TSA by the numbers: passenger volume down 90% in coronavirus slump
We all know by now that demand for air travel has fallen off a cliff since the beginning of the month.
Partly, this drop can be seen as a way to slow the spread of the coronavirus pandemic as people opt not to travel in an effort to stay healthy. But it's also a necessary business move by carriers. Some countries have prohibited discretionary travel.
How dramatic has the decline in demand been? Just look at data from the Transportation Security Administration.
TSA screenings may not be a beloved part of U.S. air travel, but they're a requirement whether you like it or not. Everyone from guests in Etihad's Residence to the passenger about to occupy seat 26E on the next Spirit Airlines flight has to pass by the administration's blue-shirted sentries on their way out of any American airport.
Those agents are now less busy than they have been in a decade.
According to Lisa Farbstein, a spokeswoman for the TSA, the administration's employees screened only 203,858 passengers across the entire country on March 26. That was a drop of nearly 90% compared to the nearly 2,487,162 people screened by the TSA on the same date in 2019.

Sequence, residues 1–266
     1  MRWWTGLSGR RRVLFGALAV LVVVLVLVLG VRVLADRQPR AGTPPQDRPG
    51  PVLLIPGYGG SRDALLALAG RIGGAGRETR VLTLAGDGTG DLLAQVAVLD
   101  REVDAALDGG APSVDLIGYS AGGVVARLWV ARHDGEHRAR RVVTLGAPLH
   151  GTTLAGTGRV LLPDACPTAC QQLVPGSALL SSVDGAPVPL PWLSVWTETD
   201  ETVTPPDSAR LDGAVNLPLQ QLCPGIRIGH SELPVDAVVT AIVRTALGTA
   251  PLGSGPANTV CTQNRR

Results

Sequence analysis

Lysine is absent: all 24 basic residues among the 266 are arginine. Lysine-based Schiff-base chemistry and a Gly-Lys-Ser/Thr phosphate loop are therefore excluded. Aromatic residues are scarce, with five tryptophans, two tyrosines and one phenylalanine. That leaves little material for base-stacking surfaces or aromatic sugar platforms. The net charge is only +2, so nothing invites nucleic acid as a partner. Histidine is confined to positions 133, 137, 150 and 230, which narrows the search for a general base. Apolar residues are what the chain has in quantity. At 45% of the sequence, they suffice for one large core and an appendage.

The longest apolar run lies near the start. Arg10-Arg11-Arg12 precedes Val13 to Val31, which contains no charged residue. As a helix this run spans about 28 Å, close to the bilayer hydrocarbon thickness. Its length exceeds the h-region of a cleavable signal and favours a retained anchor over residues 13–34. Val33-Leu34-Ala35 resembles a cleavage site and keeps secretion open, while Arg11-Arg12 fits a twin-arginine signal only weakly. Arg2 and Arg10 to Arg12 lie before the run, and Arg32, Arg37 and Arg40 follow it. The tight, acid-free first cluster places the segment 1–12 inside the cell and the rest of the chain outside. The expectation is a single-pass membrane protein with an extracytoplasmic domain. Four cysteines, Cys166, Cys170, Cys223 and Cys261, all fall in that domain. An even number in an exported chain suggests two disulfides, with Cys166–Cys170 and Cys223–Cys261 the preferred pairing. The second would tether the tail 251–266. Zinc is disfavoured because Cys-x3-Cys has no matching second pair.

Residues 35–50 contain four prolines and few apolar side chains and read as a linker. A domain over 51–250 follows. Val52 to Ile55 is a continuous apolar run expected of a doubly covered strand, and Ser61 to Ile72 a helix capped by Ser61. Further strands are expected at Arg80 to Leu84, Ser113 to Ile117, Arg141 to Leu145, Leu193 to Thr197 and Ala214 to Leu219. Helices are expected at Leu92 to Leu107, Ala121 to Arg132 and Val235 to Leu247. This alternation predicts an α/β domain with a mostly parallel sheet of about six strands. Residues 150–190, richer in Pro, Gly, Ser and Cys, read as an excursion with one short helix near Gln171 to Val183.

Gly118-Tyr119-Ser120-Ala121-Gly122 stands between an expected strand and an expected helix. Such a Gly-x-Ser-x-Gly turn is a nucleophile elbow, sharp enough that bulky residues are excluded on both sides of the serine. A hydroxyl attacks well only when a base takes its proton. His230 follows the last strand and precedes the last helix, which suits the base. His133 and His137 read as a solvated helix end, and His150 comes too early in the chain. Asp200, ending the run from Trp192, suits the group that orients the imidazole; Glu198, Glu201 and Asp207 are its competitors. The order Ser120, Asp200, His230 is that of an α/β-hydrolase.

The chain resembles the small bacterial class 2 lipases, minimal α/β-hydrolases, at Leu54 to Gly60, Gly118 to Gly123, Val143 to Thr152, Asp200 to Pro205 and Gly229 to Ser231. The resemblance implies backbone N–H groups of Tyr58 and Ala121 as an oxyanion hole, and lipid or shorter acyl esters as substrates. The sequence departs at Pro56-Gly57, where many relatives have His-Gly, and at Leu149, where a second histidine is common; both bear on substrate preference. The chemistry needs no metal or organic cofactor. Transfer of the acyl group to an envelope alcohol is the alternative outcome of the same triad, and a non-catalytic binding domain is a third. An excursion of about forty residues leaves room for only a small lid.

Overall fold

Farbstein said on Twitter that it represented the agency's lowest number of single-day screenings since 2010, when the country was emerging from the Great Recession.
In the seven-day period that started March 13, TSA agents saw screenings decrease by more than 100,000 passengers each day. That period included passing the less-than-a-million screenings threshold on March 17, compared to more than 2 million on the same weekday in 2019.
Then the free fall picked up steam. Screenings fell to less than half a million by March 22 and continued to trail off quickly every day since. It took only four days to drop again from 454,516 passengers screened on Sunday to the new record-low number on Thursday, March 26. The TSA's latest screening data can be found on its website.
Across the travel industry, the sudden evaporation of demand has changed the way companies do business, operating fewer flights and likely changing the long-term landscape of the airline business.
U.S. airlines are waiting on a $50 billion aid package, expected to be signed into law imminently, but even that isn't going to provide a boost in demand for travel. It's just meant to keep airlines and their employees afloat for a few months as they try to ride out the slump.
In the meantime, the game of traveler screening limbo will continue. We may actually find out the answer to the question: "how low can you go?"